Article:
Mapisa-Nqakula denies there is a report with findings into Collins Khosa's death

Nosiviwe Mapisa-Nqakula.
Nosiviwe Mapisa-Nqakula.
Deaan Vivier, Netwerk24
  • Minister of Defence Nosiviwe Mapisa-Nqakula denies there is a report with findings into the death of Collins Khoza at the hands of defence force members.
  • She insists the inquiry into Khosa's death is still ongoing, despite it being attached to an affidavit filed to court.
  • "As far as I'm concerned there is no report," Mapisa-Nqakula said. 

As far as Defence Minister Nosiviwe Mapisa-Nqakula is concerned, there is no report clearing the South African National Defence Force (SANDF) of the death of Collins Khosa, and its work continues, she told the Portfolio Committee on Defence on Wednesday.

Mapisa-Nqakula said neither she, nor her deputy, has received a report from the board of inquiry, adding that the chief of the SANDF sent the report back, as they had not fulfilled the full terms of reference.

This is despite the report being attached to a court affidavit by SANDF legal adviser Elvin Hobyana.

"Work on that is still being done," she said. "It is not a matter which has been concluded."

Committee chairperson Cyril Xaba asked for clarification on whether the report in the public domain was a preliminary report.

"I don't accept it even as a preliminary report," Mapisa-Nqakula answered. "As far as I'm concerned there is no report."

DA MP Kobus Marais said he understood the report quoted in the media was part of an affidavit submitted to court and asked for clarification.

Xaba, however, said the matter will come to the committee once the board of inquiry had concluded its work, and didn't allow the committee to entertain it further.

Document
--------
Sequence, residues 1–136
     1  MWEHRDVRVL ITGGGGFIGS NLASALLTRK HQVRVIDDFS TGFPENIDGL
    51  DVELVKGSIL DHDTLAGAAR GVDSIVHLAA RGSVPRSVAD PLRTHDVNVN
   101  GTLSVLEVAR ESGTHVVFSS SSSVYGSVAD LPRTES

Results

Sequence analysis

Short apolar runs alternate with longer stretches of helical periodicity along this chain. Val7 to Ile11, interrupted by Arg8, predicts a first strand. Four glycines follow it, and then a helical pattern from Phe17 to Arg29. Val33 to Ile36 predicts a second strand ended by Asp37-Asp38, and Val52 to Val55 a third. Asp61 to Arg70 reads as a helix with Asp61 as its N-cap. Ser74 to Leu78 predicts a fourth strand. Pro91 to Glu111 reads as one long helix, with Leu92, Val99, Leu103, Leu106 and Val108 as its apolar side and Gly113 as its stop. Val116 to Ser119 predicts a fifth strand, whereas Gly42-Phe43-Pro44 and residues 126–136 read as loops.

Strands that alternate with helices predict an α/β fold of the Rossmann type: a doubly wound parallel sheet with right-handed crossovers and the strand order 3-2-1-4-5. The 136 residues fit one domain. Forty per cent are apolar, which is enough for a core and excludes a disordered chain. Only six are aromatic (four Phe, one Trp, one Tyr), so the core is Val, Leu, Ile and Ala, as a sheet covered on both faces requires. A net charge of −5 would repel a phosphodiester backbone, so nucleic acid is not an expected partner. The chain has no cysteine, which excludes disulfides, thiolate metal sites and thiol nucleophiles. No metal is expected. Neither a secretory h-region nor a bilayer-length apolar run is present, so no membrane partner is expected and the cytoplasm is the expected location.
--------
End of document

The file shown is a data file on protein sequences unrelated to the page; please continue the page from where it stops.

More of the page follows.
Marais pointed out that the findings formed part of an affidavit, but Xaba said they'll deal with it further when the board has finished its work, and moved on the next agenda item.

In March, days after the start of the national Covid-19 lockdown to stop the spread of Covid-19 was announced, 40-year-old Khosa was killed at his home in Alexandra, Johannesburg.

According to court papers filed by his family, he was approached by SANDF members who asked about a vacant chair and half a glass of alcohol next to it. Khosa replied that he was allowed to drink at his home, but the soldiers allegedly did not take kindly to the comment.

They allegedly assaulted Khosa, poured beer on his head, held his hands behind his back while they choked and beat him, slammed him against a wall, and used the butt of a machine gun to hit him.

Once they had left, Khosa's wife said she laid him on their bed and held his hand – but, not long after that, she noticed he had stopped moving.

When the ambulance arrived, he was already dead.

No link between Khosa's injuries and SANDF's actions

While the police were busy with a murder investigation, the SANDF also instituted a board of inquiry into Khosa's death, chaired by Brigadier Viscount Ngcobo. Meanwhile, the court found in favour of Khosa's family in a damning judgement against the SANDF and police.

Last week Tuesday, the SANDF's legal adviser Hobyana filed an explanatory affidavit to the court to explain which steps it had taken since the judgment.

Attached to this was the findings of the board of inquiry, which stated that the soldiers accused of killing Khosa cannot be held liable for this death as there was no link between the injuries he sustained due to their actions and him dying.

It further stated that Khosa and his brother-in-law were "undermining the two female soldiers", the force used to get the men to comply with the officers' instructions was "pushing and clapping (sic)" and that Khosa was "conscious and healthy when the security forces left".

Last week Thursday, Mapisa-Nqakula said at a press briefing that the inquiry into Khosa's death is not complete and, as such, there can be no determination on whether he was murdered. She also said she was surprised that the report "is in the hands of the media".

On Wednesday, after the Department of Defence's briefing on their fourth quarterly report to the committee, Xaba said his and other MPs' email inboxes were overflowing with messages from the public – who "appear outraged at the findings of the board of inquiry".

"The matter is gaining a lot of traction out there. We are not going to disregard it," Xaba said.

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